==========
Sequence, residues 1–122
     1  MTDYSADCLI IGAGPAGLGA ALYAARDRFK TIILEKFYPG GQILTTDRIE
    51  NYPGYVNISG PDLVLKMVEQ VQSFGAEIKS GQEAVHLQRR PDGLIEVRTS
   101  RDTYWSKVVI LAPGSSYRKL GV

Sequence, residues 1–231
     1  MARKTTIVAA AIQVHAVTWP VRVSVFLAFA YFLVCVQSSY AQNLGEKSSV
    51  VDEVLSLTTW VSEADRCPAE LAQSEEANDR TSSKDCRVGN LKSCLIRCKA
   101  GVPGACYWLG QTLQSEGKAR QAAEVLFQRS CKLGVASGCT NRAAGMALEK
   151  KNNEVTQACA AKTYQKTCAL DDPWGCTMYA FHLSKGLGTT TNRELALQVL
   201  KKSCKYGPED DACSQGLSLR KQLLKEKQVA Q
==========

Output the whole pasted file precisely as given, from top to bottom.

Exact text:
Sequence, residues 1–122
     1  MTDYSADCLI IGAGPAGLGA ALYAARDRFK TIILEKFYPG GQILTTDRIE
    51  NYPGYVNISG PDLVLKMVEQ VQSFGAEIKS GQEAVHLQRR PDGLIEVRTS
   101  RDTYWSKVVI LAPGSSYRKL GV

Sequence, residues 1–231
     1  MARKTTIVAA AIQVHAVTWP VRVSVFLAFA YFLVCVQSSY AQNLGEKSSV
    51  VDEVLSLTTW VSEADRCPAE LAQSEEANDR TSSKDCRVGN LKSCLIRCKA
   101  GVPGACYWLG QTLQSEGKAR QAAEVLFQRS CKLGVASGCT NRAAGMALEK
   151  KNNEVTQACA AKTYQKTCAL DDPWGCTMYA FHLSKGLGTT TNRELALQVL
   201  KKSCKYGPED DACSQGLSLR KQLLKEKQVA Q